LFG Roland D.VII

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LFG Roland D.VII
LFG Roland D.VII no 2.jpg
Role Single seat fighter aircraft
National origin Germany
Manufacturer LFG Roland (Luft-Fahrzeug-Gesellschaft)
First flight late 1917-early 1918
Number built 2 (second as D.VIII)

The LFG Roland D.VII was a German single seat, single engine biplane fighter aircraft built during World War I. Problems with its underdeveloped V-8 engine prevented its production.

Design and development[edit]

The D.VII was a response by LFG to continued criticism of the pilot's limited forward and downward view from its fighters. The D.V and D.VI had attempted to address this problem though not very successfully. Since the height of the Mercedes D.III and Benz Bz.IIIa inline engines used in these two designs was part of the problem, LFG decided to install the new 60° V-8 Benz Bz.IIIb, lowering the cylinders and providing a gap between them.[1]

Apart from its engine, the D.VII had much in common with the D.VI, particularly with the original D.VIa variant. It was a single bay biplane with pairs of near-parallel interplane struts and blunt tipped wings of almost constant chord, though less staggered than on the D.VI. The upper wing was carried above the fuselage by a cabane; only this wing mounted ailerons. A small cut-out in its trailing edge above the cockpit enhanced the pilot's view. The vertical tail was rounded, with a deep, wide chord rudder that extended below the fuselage to meet a small ventral fin. Both types had Klinkerrumpf, clinker built fuselages, monocoques constructed with thin overlapping spruce strips over a light wooden internal framework and oval in cross-section. The engine was totally enclosed in the nose, driving a two blade propeller. The D.VII's conventional undercarriage had mainwheels on a single axle, supported by long V-struts to the lower fuselage and a tailskid on the leading edge of the ventral fin.[1]

Pilots agreed that the revised forward profile changed the view from poor on the D.VI to excellent on the D.VII. During development the D.VII acquired some of the features of the D.VIb, most noticeably overhung, balanced ailerons. The empennage was also modified to a form close to that of the D.VIb, with a small, lower, and broader fin and broad chord balanced rudder. The tailplane was lowered from the top of the fuselage to its midpoint.[1]

Development of the D.VII was interrupted by problems with the Benz engine, itself still under development. Nonetheless the D.VII took part in the second D. competition (for fighter types) held in May 1918. In the end the recurrent engine problems led to the abandonment of development.[1]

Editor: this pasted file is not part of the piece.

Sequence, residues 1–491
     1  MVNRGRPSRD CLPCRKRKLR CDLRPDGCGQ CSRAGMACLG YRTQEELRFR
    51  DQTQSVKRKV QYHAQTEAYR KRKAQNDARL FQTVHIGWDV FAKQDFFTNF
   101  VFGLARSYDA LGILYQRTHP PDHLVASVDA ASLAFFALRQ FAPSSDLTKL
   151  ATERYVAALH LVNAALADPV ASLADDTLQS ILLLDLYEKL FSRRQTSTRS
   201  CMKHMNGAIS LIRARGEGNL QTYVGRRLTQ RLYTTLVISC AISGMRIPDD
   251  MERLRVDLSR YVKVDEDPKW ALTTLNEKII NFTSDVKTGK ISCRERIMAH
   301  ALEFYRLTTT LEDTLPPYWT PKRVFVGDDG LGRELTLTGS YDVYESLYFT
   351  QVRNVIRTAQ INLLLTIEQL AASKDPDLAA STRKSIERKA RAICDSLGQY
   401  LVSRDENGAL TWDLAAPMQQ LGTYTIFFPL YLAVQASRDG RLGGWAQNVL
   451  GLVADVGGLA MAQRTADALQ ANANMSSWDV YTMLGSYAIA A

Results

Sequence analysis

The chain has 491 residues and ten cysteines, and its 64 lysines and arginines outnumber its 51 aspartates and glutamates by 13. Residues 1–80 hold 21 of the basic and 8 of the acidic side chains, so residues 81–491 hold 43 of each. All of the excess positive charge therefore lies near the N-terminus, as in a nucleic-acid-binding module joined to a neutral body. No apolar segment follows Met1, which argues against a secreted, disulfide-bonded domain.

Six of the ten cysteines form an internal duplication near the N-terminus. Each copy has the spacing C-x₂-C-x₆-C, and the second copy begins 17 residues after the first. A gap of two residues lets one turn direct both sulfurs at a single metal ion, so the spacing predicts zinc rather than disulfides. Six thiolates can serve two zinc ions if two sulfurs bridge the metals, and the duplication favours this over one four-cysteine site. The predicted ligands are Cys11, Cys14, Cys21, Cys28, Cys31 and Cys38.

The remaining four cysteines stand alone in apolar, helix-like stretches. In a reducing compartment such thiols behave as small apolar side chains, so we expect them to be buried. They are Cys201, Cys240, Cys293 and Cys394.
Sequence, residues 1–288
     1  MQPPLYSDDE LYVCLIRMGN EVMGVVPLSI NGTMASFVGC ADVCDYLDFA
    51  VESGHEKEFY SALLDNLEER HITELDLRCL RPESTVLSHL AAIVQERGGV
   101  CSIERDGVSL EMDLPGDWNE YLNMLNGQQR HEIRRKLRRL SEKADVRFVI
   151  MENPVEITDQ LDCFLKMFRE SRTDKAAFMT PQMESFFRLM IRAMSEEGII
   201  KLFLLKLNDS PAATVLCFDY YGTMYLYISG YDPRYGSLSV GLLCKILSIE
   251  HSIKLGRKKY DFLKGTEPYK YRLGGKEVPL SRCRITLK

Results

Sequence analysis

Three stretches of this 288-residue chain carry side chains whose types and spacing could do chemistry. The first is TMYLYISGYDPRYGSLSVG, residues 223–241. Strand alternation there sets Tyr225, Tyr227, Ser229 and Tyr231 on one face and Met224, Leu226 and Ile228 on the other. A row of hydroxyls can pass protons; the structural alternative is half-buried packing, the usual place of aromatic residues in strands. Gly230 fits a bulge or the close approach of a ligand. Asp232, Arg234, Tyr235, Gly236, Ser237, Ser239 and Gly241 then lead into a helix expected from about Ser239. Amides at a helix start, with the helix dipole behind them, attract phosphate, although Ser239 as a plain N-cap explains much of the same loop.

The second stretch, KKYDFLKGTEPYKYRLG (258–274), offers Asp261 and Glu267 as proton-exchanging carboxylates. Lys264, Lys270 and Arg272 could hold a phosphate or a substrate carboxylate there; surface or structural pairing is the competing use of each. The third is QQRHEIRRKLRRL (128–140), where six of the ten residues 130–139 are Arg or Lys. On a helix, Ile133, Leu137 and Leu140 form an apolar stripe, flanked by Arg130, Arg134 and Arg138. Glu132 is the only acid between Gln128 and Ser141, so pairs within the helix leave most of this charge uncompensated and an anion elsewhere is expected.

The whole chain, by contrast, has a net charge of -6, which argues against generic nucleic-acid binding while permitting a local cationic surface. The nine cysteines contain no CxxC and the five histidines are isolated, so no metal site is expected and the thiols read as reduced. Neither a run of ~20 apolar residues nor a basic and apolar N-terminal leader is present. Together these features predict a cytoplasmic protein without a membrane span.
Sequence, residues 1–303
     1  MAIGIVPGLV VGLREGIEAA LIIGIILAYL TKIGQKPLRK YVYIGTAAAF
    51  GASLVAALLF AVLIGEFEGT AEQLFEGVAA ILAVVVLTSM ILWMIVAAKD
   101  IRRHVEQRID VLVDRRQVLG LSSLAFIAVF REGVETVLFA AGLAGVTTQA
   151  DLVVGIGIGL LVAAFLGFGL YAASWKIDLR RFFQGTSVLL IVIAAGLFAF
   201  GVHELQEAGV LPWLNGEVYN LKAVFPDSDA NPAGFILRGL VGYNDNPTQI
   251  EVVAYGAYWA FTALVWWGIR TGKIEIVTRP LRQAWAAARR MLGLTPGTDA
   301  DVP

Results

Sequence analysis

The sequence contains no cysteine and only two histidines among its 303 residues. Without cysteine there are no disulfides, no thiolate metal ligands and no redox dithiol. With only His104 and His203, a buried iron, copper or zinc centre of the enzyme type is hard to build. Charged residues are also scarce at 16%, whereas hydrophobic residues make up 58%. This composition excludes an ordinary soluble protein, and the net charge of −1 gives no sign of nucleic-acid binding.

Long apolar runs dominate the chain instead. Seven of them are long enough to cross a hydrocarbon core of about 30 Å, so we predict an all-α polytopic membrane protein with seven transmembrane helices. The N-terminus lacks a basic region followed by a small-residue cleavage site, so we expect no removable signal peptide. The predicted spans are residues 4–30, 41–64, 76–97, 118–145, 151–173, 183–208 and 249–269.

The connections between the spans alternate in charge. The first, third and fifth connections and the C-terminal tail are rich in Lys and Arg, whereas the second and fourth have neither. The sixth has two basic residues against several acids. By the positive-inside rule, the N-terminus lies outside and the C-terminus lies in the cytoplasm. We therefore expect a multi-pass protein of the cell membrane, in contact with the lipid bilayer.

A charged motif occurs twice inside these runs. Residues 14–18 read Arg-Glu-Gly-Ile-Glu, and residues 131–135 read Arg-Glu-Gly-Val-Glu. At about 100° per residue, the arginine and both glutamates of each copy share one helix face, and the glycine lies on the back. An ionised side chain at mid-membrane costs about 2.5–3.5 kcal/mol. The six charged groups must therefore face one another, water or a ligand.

LFG fitted a second aircraft with a geared version of the Benz engine, a 185 hp (138 kW) Benz Bz.IIIbm, redesignating it as the LFG Roland D.VIII; this also attended the second D. competition. Its report marked it unfit for series production; the reasons are not recorded, but it is known this geared engine, again in early development, suffered form severe vibration.[1]


direct drive, 185 hp (138 kW) Benz Bz.IIIbo. One built.
geared drive, Benz Bz.IIIbm. One built.
D.VII based but with a 190 hp (142 kW) Körting Kg.III water cooled V-8 engine. The sole example was first flown in May 1918. Flight tests proved the engine unsatisfactory and it was returned to Körting for modification, with the intention of refitting it. However, the engineless D.XIII was destroyed in a hangar fire that July. One built.
As D.XIII, but with a 160 hp (119 kW) Goebel Goe.III 11-cylinder rotary engine. It took part in the second D competition of May 1918 but its unreliable engine denied it production status. One built.

Specifications (D.VII)[edit]

Data from Green and Swanborough p.338[1]

General characteristics

  • Crew: One
  • Length: 6.10 m (20 ft 0 in)
  • Wingspan: 8.84 m (29 ft 0 in)
  • Height: 2.80 m (9 ft 2 in)
  • Wing area: 20.83 m2 (224.2 sq ft)
  • Empty weight: 666 kg (1,468 lb)
  • Gross weight: 858 kg (1,892 lb)
  • Powerplant: 1 × Benz Bz.IIIbo upright V-8, water-cooled, direct drive, 138 kW (185 hp)
  • Propellers: 2-bladed


  • Maximum speed: 190 km/h (118 mph; 103 kn)
  • Endurance: 1.5 hr
  • Time to altitude: 16.2 min to 5,000 m (16,405 ft)



  1. ^ a b c d e f Green, William; Swanborough, Gordon (1994). The Complete Book of Fighters. Godalming, UK: Salamander Books. pp. 338–9. ISBN 1-85833-777-1.